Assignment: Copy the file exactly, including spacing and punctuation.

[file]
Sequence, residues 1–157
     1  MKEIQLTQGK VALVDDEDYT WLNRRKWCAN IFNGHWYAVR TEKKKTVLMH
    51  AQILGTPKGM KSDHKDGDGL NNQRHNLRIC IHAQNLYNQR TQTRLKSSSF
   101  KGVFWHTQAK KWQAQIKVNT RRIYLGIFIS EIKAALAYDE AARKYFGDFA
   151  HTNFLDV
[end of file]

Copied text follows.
Sequence, residues 1–157
     1  MKEIQLTQGK VALVDDEDYT WLNRRKWCAN IFNGHWYAVR TEKKKTVLMH
    51  AQILGTPKGM KSDHKDGDGL NNQRHNLRIC IHAQNLYNQR TQTRLKSSSF
   101  KGVFWHTQAK KWQAQIKVNT RRIYLGIFIS EIKAALAYDE AARKYFGDFA
   151  HTNFLDV